Ireland: 4 Important Changes To The Financial Services Complaints Process

Last Updated: 15 September 2017
Article by Robert Cain, Deirdre O'Mahony and Maedhbh Clancy

Important changes to the Financial Services Ombudsman (FSO) complaints process have recently come into effect. The changes have been introduced by the Central Bank and Financial Services Authority of Ireland (Amendment) Act 2017 (the "Central Bank Amendment Act") which commenced on 25 July 2017. The Central Bank Amendment Act was brought forward by a non-Government TD and, unusually, it mirrors the provisions of a separate new Government sponsored Act - the Financial Services and Pension Ombudsman Act 2017 (the "Financial Services Act") - which was signed on 26 July 2017 but has yet to be commenced. Once the Financial Services Act is commenced, it will overtake and replace the Central Bank Amendment Act. Importantly, however, it appears that efforts were made to harmonise the legislation, meaning that the changes introduced under the Central Bank Amendment Act will remain even when it has been replaced.

1. New Category of "Long-term Financial Services"

A new category of financial services has been introduced, "long-term financial services", defined as financial services that:

  1. last for at least 5 years and 1 month; Or
  2. are life assurance to which the EC (Life Assurance) Framework Regulations 1994 apply.

The definition of "long-term financial services" is common in both new Acts. It differs from the definition that had originally appeared in the Financial Services and Pension Ombudsman Bill (which specified that long-term financial services could not be subject to unilateral cancellation and / or annual review) which was amended to make the definitions in both Acts consistent.

The most obvious financial service to be captured by this new category is, of course, mortgages.

2. New Time Limits for Making Complaints

New time limits have been introduced for making complaints about long term financial services to the FSO.

Complaints can be made:

  1. 6 years from the date of the conduct concerned;
  2. 3 years from the earlier of the date on which the person making the complaint became aware, or ought reasonably to have become aware, of the conduct concerned; or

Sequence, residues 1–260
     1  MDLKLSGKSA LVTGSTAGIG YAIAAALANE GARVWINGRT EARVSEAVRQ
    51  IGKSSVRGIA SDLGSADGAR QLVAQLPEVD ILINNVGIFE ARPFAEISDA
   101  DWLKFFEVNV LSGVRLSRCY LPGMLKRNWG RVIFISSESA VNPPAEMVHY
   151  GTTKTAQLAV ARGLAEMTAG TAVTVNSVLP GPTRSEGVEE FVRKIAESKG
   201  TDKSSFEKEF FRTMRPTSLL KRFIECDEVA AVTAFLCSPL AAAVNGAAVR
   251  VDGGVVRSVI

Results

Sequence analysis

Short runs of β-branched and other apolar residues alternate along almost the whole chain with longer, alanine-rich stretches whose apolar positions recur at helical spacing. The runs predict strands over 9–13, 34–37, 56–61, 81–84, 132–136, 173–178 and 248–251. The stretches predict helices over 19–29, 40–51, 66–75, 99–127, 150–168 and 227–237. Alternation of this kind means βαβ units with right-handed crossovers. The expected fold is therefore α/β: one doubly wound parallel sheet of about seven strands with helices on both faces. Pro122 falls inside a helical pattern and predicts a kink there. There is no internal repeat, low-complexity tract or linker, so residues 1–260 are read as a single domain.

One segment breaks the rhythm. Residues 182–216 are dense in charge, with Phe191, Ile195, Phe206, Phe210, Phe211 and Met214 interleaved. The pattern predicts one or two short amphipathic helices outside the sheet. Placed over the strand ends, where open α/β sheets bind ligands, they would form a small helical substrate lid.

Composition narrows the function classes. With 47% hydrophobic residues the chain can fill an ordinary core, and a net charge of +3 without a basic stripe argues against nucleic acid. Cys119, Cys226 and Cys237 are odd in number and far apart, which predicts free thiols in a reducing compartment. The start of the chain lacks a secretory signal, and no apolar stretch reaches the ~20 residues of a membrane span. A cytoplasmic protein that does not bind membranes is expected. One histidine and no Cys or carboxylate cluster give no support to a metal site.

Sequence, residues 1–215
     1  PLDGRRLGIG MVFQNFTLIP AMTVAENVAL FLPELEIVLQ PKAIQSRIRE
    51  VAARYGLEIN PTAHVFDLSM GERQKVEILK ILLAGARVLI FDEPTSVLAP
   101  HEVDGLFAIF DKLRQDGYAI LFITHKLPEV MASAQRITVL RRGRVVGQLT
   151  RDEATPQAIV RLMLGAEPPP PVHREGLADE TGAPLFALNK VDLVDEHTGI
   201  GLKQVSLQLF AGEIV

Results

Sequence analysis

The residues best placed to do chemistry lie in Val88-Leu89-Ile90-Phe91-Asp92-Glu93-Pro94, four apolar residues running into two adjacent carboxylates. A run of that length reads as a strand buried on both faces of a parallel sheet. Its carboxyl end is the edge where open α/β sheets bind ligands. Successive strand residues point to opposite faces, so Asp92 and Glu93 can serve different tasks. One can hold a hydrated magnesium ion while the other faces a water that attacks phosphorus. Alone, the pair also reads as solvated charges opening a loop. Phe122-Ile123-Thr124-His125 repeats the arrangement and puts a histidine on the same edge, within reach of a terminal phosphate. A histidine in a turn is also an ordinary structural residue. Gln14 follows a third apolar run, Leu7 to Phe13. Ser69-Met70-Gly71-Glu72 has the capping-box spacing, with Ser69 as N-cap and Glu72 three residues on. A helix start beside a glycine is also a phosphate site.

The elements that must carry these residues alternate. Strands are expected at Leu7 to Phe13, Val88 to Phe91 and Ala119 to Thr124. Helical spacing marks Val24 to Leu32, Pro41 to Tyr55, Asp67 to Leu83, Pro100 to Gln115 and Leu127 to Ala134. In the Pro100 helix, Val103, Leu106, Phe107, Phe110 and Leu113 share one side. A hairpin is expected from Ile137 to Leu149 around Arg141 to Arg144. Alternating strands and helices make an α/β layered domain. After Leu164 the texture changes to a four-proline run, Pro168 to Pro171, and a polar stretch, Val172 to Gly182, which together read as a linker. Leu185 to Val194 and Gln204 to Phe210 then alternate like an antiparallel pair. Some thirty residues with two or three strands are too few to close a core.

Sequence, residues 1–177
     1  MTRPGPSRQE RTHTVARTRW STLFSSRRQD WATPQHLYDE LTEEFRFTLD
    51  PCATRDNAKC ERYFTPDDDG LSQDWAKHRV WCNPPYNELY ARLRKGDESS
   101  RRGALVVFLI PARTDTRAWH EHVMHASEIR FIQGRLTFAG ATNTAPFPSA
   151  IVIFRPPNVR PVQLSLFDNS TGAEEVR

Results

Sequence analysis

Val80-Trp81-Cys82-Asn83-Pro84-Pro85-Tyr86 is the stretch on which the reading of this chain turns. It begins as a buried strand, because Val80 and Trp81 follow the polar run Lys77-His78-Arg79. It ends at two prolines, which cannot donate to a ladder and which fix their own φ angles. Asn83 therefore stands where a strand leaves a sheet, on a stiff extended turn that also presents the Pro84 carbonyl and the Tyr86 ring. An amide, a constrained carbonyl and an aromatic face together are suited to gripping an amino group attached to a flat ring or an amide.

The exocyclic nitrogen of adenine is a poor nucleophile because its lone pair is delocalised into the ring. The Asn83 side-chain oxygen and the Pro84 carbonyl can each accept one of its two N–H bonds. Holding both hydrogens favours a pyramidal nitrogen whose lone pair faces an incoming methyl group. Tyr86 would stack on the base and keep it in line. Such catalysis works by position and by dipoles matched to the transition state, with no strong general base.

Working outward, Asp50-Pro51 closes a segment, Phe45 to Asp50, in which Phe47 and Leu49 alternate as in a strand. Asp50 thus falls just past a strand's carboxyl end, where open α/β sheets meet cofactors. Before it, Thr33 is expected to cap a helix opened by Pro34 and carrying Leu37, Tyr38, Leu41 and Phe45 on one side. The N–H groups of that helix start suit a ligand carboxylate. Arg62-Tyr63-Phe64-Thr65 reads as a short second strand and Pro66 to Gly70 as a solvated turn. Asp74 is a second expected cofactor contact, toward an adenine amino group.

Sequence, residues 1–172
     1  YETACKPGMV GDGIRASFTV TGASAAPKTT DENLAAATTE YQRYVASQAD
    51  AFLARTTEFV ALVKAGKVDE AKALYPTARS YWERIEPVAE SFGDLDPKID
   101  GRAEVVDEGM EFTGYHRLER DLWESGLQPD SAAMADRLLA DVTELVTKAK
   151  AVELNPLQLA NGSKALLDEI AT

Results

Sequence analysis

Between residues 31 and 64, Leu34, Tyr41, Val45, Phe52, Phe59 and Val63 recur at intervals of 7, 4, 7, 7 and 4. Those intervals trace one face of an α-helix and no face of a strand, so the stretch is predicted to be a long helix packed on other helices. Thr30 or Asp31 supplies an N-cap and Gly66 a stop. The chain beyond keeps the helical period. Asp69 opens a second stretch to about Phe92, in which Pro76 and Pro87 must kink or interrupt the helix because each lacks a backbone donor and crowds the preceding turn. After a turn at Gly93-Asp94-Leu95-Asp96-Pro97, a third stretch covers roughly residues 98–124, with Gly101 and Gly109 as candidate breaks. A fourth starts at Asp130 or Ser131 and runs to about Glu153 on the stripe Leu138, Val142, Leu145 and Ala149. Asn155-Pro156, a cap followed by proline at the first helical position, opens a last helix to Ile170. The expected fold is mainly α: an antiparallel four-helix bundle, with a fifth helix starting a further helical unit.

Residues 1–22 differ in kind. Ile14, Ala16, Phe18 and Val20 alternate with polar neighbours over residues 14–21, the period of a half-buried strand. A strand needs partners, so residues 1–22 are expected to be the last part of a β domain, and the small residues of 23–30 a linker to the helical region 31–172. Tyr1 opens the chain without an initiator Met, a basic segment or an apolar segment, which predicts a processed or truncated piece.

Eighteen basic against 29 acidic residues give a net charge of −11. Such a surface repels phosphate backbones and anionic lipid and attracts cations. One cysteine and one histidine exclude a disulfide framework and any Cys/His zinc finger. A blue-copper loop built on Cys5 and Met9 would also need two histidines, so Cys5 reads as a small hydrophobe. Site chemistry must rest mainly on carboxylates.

3. such longer period as the FSO may allow where it appears that there are reasonable grounds for requiring a longer period and that it would be just and equitable, in all the circumstances, to extend the period.

Significantly, the extension to the time limits has retrospective effective meaning that consumers can benefit from the longer limits even if the conduct complained of occurred before the enactment of the new legislation. There are some constraints on the limitation periods, however. The service the subject of the complaint must not have expired or otherwise been terminated more than 6 years before the date of the complaint and the conduct complained of must have occurred during or aft er 2002. However, these constraints do not appear to curtail the discretion of the FSO to extend the period for making a complaint (although, presumably, are factors that could be taken into account by the FSO in the exercise of that discretion).

3. Mediation

The Central Bank Amendment Act includes provisions to encourage the use of mediation to resolve complaints (which are mirrored in the Financial Services Act). The FSO is obliged to resolve a complaint by mediation "as far as possible" however, the act makes clear that participation in mediation is voluntary and a party may withdraw at any time.

This change is reflective of the increased use of mediation and alternative dispute resolution mechanisms generally and will require banks and other financial institutions to adapt to deal with this new step in the complaints process.

4. New Time Limit for Appeals to the High Court

The time limit to appeal a finding of the FSO (which was within 21 days or such further period as the High Court may allow) has been extended to allow appeals to the High Court within:

  1. 35 days of the date of notification of the FSO's finding, or
  2. such further period as the High Court may allow.

WHAT'S NEXT?

The changes came into effect on 25 July 2017 when the Central Bank Amendment Act was commenced. Once the Financial Services Act is commenced, it will overtake and replace the Central Bank Amendment Act although this will not affect the substantive changes to the complaints process.

The Financial Services Act is broader in scope and will introduce other measures, most notably, to consolidate the offices of the FSO and the Pensions Ombudsman. The new combined offi ce will deal with complaints about either financial products / services or the conduct of pension providers and will be known as the Office of the Financial Services and Pensions Ombudsman.

We will issue further updates once the Financial Services Act is commenced.

This article contains a general summary of developments and is not a complete or definitive statement of the law. Specific legal advice should be obtained where appropriate.

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